Intel has been working on making its mobile processors usable for productivity. While the approach with a Windows-based phone, using Continuum, is fairly well developed, this is not the case with Android, which is not really designed for keyboard and mouse operations. Linux, on the other hand, does have good desktops and applications such as LibreOffice. Intel has implemented on its Atom X3 (with 2GB of RAM), simultaneous dual O/S support with Debian Linux and Android. On a monitor, the smartphone display is shown on on side, while the rest of the display shows Linux. At the moment, the display on the phone is turned off while the monitor is operating, but later the system will work with both displays live.

Intel and Qualcomm were both talking about and showing how their different chips supporting Wi-Fi 802.11ad could interoperate to allow very fast data transfer.

Intel Linux AndroidIntel showed an Atom X3 phone running Linux on the left and Android on the right on an external monitor

Microsoft Lumia 650Microsoft‘s focus was more on the IoT and software platforms than devices, although the company did have a single new handset: the Lumia 650 smartphone (MWC is Here!). It features a 5″ 1280 x 720 AMOLED display, with Gorilla Glass. The phone runs Windows, with 16GB of ROM and 8MP (rear) and 5MP (front) cameras. It is available in the UK, France, Germany and Italy now, for $200. Microsoft was also showing the Surface Hub and demonstrating Continuum.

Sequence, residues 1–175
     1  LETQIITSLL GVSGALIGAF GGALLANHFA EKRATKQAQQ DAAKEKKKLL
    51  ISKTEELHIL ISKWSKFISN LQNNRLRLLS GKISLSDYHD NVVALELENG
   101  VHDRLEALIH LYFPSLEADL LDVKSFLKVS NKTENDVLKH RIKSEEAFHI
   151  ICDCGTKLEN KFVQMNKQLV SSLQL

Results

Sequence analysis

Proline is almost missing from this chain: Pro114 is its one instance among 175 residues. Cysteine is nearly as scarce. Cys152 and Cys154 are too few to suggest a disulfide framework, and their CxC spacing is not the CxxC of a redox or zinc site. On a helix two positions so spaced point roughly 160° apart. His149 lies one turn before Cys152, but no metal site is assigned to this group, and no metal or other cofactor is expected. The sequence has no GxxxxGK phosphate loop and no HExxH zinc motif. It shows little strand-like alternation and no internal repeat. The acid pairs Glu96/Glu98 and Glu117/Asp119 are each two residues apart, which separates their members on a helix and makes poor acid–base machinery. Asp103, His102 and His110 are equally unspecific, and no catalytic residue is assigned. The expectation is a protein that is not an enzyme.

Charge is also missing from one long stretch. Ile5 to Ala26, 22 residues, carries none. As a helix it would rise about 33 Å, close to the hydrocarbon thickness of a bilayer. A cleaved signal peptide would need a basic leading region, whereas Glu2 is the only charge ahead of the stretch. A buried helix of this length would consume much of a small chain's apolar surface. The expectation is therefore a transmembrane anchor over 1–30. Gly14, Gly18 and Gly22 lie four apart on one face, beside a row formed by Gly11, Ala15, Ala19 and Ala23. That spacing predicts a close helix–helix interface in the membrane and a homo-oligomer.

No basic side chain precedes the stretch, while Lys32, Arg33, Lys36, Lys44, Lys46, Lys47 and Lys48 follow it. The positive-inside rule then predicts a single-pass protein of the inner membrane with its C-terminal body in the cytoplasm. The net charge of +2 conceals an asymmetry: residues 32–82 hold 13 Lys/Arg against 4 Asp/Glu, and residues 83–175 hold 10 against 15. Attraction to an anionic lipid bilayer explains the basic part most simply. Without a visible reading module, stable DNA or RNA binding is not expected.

The focus of NEC‘s stand was the movement of technology to the cloud. Most of the company’s demonstrations were based around infrastructure developments, such as Massive MIMO. NEC Display Solutions was not represented.

Japan’s NTT Docomo was showing ‘Linking’; an IoT platform to connect Bluetooth 4.0 devices and phone apps. An example could be a device that lights up or vibrates in response to an app.

US company Obi Worldphone launched the MV1 smartphone, aimed at young professionals worldwide. Designed by San Francisco-based Ammunition, the phone features an elevated screen (5″, in-cell touch) using Gorilla Glass, palm-fitting body and 4G connectivity. It has a quad-core 1.3GHz Qualcomm Snapdragon 212 processor running Android 5.1 and Cyanogen OS. The phone will cost $140 for the 1GB RAM model, or $150 for the 2GB RAM model. Both have 16GB of ROM.

The Wherecom K3 is Omate‘s first 3G smartwwatch, designed especially for children. It is a wearable GPS device, running Android on a dual-core 1GHz Mediatek processor. It has a 1.54″ colour LCD display (320 x 320). Parents can use the watch to locate their child and communicate with them.